Thanks for that, Thingsbehindthesun. I will check my PM - I was wondering if the mods could give the okay to add which e-safety software programmes people have found useful?
And also what they think the software's protecting them. Computer Security is my trade, and I'm extremely sceptical about all these "parental control" programs. Aside from the fact that they are trivially easy to bypass and the recipes for doing so circulate in playgrounds (see here
), and aside from the fact that most children have access to the Internet through a wide range of devices in a wide range of settings, the only thing that "Parental Control" software does is attempt to filter, in a very broad-brush way, access to "bad" websites. Unfortunately, it's very hard to say what us "bad" for any particular household, so they operate on the assumption that there's a fixed set of things you don't want you children to access, and that fixed set is suitable for Baptist family in the flyover states. The RS department routinely sets homework which starts with looking up material that they can't get at from school, anyway, which means that if parents were actually running the same software as the school (which they try to recommend) it would all fail miserably.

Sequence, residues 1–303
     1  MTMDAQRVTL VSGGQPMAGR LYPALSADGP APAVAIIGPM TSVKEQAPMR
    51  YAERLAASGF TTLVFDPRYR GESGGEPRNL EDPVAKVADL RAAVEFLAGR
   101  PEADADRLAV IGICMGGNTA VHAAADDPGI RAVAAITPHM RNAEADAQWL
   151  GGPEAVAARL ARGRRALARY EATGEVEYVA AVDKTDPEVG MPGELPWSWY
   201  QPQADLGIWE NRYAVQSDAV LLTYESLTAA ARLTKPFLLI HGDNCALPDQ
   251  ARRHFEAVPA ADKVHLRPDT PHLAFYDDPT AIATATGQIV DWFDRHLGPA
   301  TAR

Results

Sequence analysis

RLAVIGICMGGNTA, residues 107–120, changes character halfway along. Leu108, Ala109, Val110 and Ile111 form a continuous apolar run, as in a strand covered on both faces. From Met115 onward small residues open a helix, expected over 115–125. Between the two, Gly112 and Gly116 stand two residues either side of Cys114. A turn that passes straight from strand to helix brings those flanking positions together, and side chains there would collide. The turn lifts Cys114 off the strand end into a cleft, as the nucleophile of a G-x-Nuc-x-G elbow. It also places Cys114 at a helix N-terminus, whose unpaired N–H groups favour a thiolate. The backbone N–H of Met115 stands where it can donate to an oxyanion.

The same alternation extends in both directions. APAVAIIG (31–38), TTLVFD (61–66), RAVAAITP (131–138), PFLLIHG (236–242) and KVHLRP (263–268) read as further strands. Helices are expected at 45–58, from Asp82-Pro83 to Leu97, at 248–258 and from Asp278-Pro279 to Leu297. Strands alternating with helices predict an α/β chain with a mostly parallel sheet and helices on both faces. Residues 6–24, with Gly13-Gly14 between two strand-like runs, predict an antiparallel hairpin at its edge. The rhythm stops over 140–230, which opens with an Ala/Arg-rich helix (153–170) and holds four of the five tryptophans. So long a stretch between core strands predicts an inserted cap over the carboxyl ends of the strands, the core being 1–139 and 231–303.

There's also the problem that the real risks are not dealt with. The computer problems we've had are all about children managing to lose control of their Facebook accounts, which are then used by other children to send filth in the name of the victim (we've been the recipients of the filth, and the parents of the children who lost control of their accounts were public enemy number one for a while). Parental control software just lulls people into a false sense of security, and the things you need to do to prevent that sort of disaster befalling your own children are in some cases actively harder with parental control software installed. Real security measures --- like, for example, enabling the options that mean others cannot access your Facebook or Gmail account even if they guess or steal your password --- are rarely done by parents on behalf of their children, because the panacea of "security software" gives them a warm fuzzy glow that they are "doing something".